The stressors implicated in the initiation of these illnesses are summarized in Table 1.

Table 1.  Illness:                                  Stressors Implicated in Initiation of Illness

Chronic fatigue syndrome

Viral infection, bacterial infection, organophosphorus pesticide exposure, carbon monoxide exposure, ciguatoxin poisoning, physical trauma, severe psychological stress, toxoplasmosis (protozoan) infection, ionizing radiation exposure

Multiple chemical sensitivity

Volatile organic solvent exposure, organophosphorus/carbamate pesticide exposure, organochlorine pesticide exposure, pyrethroid exposure, mercury exposure, carbon monoxide exposure, hydrogen sulfide exposure

Fibromyalgia

Physical trauma (particularly head and neck trauma), viral infection, bacterial infection, severe psychological stress, pre-existing autoimmune disease

Post-traumatic stress disorder

Severe psychological stress, physical (head) trauma

The stressors indicated in bold are the ones most commonly implicated for that specific illness.  It should be noted that the majority of such stressors are implicated in the initiation of more than one illness.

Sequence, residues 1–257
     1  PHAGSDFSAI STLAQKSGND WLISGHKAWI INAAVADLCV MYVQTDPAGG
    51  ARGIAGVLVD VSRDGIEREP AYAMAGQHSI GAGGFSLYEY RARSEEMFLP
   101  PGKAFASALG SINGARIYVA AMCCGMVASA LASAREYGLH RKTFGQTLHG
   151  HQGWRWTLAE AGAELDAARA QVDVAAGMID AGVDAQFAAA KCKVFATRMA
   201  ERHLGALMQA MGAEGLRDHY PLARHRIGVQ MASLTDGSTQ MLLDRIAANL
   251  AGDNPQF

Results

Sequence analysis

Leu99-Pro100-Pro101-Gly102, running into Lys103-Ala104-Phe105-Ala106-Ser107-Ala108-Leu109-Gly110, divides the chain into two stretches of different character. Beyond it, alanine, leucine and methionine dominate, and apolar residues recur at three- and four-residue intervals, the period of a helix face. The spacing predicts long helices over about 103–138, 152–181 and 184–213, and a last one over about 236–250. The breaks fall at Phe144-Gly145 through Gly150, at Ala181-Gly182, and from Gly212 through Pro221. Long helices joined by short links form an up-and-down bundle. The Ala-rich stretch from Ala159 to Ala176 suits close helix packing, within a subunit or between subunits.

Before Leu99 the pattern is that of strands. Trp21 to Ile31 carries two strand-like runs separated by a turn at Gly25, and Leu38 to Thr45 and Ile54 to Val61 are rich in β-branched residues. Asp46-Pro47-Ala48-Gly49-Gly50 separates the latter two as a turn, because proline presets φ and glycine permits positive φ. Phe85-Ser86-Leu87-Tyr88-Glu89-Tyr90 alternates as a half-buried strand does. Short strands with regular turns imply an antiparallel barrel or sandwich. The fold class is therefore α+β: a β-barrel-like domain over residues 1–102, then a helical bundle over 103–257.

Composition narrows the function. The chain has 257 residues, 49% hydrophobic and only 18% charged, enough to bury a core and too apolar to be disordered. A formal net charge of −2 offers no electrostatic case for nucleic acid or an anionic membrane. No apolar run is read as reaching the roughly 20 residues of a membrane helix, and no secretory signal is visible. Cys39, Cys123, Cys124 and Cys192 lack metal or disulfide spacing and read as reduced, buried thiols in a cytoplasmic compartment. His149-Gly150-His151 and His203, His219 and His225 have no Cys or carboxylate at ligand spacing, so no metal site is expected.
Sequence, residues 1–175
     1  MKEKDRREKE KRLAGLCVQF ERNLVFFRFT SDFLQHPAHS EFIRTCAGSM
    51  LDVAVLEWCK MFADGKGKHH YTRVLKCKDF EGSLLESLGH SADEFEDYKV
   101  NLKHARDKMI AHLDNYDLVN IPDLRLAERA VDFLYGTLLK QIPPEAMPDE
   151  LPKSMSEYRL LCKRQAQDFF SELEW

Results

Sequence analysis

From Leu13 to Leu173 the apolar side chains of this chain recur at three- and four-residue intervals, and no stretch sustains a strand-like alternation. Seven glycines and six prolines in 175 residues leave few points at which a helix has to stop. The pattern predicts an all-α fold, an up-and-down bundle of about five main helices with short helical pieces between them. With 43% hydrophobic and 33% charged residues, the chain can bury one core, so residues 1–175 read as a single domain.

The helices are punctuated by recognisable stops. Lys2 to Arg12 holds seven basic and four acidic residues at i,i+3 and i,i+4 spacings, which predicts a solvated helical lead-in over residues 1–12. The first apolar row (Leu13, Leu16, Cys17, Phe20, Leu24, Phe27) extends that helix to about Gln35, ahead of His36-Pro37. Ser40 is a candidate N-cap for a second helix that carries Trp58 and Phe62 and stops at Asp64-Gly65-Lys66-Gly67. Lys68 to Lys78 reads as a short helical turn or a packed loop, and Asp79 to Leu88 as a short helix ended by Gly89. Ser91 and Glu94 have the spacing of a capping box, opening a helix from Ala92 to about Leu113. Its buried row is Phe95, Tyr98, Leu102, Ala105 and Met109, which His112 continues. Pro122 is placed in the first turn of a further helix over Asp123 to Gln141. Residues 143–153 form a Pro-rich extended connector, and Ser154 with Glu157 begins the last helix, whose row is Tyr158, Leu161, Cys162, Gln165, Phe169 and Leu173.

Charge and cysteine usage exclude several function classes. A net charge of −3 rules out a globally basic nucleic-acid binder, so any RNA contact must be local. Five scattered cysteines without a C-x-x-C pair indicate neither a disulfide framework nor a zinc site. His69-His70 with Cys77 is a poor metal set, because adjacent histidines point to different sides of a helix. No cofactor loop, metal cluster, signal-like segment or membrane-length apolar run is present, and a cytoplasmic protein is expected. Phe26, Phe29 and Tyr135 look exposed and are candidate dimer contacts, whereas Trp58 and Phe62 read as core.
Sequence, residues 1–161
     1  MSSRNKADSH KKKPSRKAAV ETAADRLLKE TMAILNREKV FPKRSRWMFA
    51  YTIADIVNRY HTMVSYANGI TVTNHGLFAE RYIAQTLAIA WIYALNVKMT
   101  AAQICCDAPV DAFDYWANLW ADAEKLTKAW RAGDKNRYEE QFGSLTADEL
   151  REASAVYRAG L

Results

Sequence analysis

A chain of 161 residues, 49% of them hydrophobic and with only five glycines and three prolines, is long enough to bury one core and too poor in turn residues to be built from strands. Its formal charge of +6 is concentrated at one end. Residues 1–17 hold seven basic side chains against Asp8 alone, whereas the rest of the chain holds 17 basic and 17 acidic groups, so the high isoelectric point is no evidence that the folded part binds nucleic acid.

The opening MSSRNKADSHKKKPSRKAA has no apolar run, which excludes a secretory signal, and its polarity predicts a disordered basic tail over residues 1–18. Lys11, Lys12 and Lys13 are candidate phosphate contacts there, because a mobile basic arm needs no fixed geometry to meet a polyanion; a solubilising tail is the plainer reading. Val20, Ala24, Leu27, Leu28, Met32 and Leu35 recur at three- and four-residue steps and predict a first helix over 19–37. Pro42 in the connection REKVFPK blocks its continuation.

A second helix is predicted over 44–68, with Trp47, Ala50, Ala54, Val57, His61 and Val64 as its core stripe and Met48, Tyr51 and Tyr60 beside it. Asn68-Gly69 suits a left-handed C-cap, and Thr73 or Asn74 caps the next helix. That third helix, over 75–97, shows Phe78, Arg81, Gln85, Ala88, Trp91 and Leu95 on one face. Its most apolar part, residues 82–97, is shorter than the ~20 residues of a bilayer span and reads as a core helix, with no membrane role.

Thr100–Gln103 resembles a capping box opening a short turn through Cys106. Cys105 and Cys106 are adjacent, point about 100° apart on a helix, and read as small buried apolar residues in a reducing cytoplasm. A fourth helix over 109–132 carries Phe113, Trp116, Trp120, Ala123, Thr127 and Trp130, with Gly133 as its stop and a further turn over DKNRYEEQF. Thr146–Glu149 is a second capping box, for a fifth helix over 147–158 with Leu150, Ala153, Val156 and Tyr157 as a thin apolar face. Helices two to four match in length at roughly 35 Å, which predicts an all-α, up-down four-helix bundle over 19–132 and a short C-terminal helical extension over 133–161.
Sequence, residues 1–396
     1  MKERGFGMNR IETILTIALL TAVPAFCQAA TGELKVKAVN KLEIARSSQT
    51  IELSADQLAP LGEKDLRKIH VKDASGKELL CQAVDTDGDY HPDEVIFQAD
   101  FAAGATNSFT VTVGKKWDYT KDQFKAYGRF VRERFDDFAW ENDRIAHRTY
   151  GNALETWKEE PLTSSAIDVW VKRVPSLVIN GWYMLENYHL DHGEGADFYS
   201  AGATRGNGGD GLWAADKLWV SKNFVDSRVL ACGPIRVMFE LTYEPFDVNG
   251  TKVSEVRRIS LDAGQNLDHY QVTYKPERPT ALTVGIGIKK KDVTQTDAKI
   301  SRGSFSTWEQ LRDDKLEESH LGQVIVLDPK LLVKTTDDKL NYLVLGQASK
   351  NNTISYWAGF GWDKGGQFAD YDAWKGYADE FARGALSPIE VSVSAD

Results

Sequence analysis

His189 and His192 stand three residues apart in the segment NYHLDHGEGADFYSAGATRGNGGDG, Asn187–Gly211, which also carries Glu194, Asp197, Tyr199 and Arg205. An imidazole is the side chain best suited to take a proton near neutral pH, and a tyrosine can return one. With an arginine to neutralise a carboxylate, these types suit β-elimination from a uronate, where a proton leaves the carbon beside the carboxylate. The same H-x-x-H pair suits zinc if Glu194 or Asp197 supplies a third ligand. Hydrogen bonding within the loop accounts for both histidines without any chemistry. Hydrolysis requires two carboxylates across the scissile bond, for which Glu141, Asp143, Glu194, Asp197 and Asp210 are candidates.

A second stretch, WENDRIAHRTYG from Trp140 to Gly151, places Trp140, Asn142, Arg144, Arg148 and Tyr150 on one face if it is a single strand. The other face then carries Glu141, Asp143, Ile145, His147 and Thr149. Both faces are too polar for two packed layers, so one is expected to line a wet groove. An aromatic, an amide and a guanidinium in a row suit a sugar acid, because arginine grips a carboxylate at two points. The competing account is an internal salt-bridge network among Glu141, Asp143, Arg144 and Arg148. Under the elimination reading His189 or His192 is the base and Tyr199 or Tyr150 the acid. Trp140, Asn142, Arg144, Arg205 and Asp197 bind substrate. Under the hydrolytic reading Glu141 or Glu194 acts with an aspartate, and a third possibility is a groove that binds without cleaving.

We have, here, 17 diverse stressors implicated in initiating these illnesses, leading one to ask, how they may do so?  What I have argued, in my book (1) and elsewhere (2-10), is that each of these can act to increase nitric oxide levels.  Each is reported to increase the levels of nitric oxide, or in three cases where that has not been studied, to stimulate a process which is itself known to increase nitric oxide.  This is a striking common response and leads to the question about how nitric oxide increases might lead to chronic illness?  My answer to that question is that nitric oxide, acting primarily through its oxidant product peroxynitrite, initiates a biochemical vicious cycle that is responsible, in turn, for the chronic illness.  We have, then, an initial cause of illness (short-term stressor or stressors) acting to start this vicious cycle, with the cycle responsible for causing the chronic phase of illness.  We are now calling the cycle the NO/ONOO- cycle after the structures of nitric oxide (NO) and peroxynitrite (ONOO-) but pronounced no, oh no!  The cycle mechanism is outlined in Figure 1: